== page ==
Below Deck viewers have survived kitchen fires, nightmare charter guests, dramatic dismissals, drug scandals, and soured romantic relationships. But Monday’s episode of Below Deck Sailing, “Total Ship Show,” is unprecedented in franchise history, in terms of its sheer disaster quotient. Within the first five minutes of the episode, the Parsifal yacht crashes into a stone dock in high winds, destroying the end of the vessel and totaling Captain Glenn Shephard’s already-dented ego. (Last week, Parsifal suffered a less serious collision. We hope the sailing yacht is not cursed.) The rest of the episode unravels like a high-paced thriller set aboard an out-of-control luxury yacht.
The villains: the shrill, gluten-free charter guests, who are too self-involved to notice the Parsifal’s jacked transom door. The dramatic B-plot: the chef screwing up a five-course meal by serving steak after dessert. As if this were not enough action for a single episode, there is also an STD scare that forces an otherwise respectable woman to reckon with an indiscretion.
“It was almost like an embarrassment of riches,” said Below Deck executive producer Courtland Cox, of the chart-topping chaos in Croatia. “It’s amazing that this was all happening, but it’s also difficult to tell all of these stories in an interesting way within a limited amount of time per episode.” Some viewers complained that the season was starting off too smoothly, but Cox trusted the process and knew that such interesting cast members would yield climactic story lines. “With any great narrative structure, you want to have peaks and valleys that eventually crescendo into something interesting…. The yacht crashing, guests being crazy, and Jean-Luc [Cerza Lanaux] being worried about getting an STD, all that stuff is the seasoning.”
Ahead, Cox and Parsifal chief stew Daisy Kelliher take us behind the scenes of Monday’s bombshell episode to answer all of our burning questions—about everything from the crash to the onboard romances, including Dani’s pregnancy announcement.
Executive producer Cox was tucked away in a tiny control room on the Parsifal during both accidents, where he was able to watch what was happening from three different camera vantage points, and hear what was happening from the walkie-talkie dialogue on deck. Cox said that he knew that the Parsifal was going to hit the dock about five seconds before it happened—when first mate Gary King began calling out the shrinking measurements between the yacht and the dock, but the boat, because of the intense wind and swell, kept hurtling toward the dock at full speed. Because of a mechanical error that short-circuited the thrusters, Captain Glenn was not able to propel the vessel in the reverse direction.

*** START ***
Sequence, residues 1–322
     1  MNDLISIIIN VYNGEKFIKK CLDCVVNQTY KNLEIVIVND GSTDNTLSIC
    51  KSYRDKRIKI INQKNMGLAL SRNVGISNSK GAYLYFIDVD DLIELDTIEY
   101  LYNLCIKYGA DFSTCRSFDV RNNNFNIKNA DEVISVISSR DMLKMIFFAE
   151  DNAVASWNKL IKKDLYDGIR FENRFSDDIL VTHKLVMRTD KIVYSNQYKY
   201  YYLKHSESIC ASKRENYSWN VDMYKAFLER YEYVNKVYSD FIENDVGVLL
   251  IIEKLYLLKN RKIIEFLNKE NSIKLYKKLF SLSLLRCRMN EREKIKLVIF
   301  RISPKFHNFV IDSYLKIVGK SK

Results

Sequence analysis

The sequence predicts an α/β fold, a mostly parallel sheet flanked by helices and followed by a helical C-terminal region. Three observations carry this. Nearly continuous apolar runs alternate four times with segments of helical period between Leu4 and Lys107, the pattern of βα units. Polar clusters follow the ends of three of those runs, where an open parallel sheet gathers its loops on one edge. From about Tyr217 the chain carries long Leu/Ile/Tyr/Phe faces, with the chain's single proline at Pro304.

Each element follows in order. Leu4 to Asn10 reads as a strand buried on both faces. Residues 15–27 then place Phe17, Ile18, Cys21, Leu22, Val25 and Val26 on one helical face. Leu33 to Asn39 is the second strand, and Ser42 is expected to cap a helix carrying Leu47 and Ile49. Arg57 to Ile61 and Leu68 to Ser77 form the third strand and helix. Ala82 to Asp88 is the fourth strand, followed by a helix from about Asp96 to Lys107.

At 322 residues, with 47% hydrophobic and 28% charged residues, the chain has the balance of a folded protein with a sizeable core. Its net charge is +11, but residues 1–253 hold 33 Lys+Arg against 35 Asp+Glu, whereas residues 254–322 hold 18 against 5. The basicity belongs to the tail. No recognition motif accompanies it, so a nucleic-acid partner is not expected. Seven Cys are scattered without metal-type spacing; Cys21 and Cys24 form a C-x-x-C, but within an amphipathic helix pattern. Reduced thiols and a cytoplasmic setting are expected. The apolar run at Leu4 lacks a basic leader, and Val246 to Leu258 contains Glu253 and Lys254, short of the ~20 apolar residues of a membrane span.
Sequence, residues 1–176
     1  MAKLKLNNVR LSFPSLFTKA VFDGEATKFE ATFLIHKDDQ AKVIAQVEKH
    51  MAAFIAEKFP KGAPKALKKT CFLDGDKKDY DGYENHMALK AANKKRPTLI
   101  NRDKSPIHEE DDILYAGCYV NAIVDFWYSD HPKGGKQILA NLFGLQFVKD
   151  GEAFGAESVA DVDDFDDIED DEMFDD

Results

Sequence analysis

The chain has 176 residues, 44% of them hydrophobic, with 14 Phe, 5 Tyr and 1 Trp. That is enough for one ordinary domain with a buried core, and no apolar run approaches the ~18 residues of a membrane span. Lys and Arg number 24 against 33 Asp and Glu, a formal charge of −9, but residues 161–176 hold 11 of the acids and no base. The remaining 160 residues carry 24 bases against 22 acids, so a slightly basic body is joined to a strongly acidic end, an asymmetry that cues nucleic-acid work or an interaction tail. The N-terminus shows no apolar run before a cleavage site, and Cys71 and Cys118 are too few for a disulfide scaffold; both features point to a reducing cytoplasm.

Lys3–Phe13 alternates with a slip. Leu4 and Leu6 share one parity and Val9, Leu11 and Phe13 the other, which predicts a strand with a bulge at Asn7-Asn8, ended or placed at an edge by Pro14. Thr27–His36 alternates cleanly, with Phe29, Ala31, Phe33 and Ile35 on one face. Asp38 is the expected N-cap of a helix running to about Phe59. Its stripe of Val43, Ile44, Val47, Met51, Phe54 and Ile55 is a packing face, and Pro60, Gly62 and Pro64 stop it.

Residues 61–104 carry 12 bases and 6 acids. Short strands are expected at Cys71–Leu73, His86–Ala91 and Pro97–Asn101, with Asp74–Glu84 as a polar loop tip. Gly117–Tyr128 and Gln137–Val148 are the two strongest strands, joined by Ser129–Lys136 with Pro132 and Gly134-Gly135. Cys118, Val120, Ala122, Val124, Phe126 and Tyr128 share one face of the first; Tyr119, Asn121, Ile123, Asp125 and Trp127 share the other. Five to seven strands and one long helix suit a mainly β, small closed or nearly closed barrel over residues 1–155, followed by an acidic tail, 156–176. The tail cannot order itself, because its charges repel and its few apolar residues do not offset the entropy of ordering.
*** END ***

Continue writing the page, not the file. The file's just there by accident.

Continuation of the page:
As the ship sped toward the dock, the Below Deck producer juggled a contradictory range of concerns: the fear of a captive passenger aboard an out-of-control vessel; worry for his fellow shipmates; heartbreak for Captain Glenn, who was about to bite it in front of multiple cameras; and, conversely, the shark-like instincts of a reality-TV producer keen to capture the chaotic melee in all of its gruesome glory.
“The human part of me, my heart aches for Glenn,” Cox told Vanity Fair. Still, he continued, “My job is to capture what’s actually happening—so we told our camera operators, ‘Stay on Glenn.’ We don’t push right up in his face or get in his way, but the story in the moment was that Glenn hit the dock. How was he going to rectify the situation?”
In addition to seeing the crash, viewers also witness Captain Glenn’s spirit breaking close up—as the sweet Parsifal pilot realizes, in devastatingly real time, that he has not only incurred thousands of dollars in yacht damages, but has done so with a camera trained on him.
“I probably watched this episode 15 times in various incarnations, and every time I see Glenn’s face in the immediate aftermath of hitting that dock, I still get very emotional,” said Cox. “It’s a catastrophic moment for any yacht captain when you do damage to a boat. It’s the worst possible thing. And I also know that that’s compounded by a factor of a million because there are TV cameras on you.”
Cox has produced 16 seasons’ worth of Below Deck, and called the crash “the second-most intense moment ever on the series.” (The first-most intense was a near-death accident in 2018 during which deckhand Ashton Pienaar was pulled overboard after his ankle was caught in ropes.) “As a producer, it’s amazingly compelling. But as a person onboard, it’s terrifying…. But Glenn is a consummate professional. He didn’t try to deflect or make excuses or try to tap dance his way out of it. He went quickly into crisis mode, damage mode.”
Parsifal chief stew Daisy Kelliher said that watching the crash in the episode was worse than living it, “because I was downstairs when it happened. I have never seen a boat that crashed the dock or been in a boat that crashed the dock.”
Speaking about Glenn, Kelliher said, “He was pretty upset at the time, but you quickly calm down. It was an accident, and the main thing is nobody got hurt. It’s like banging your car. You get the insurance sorted. You learn from it. And you move on.”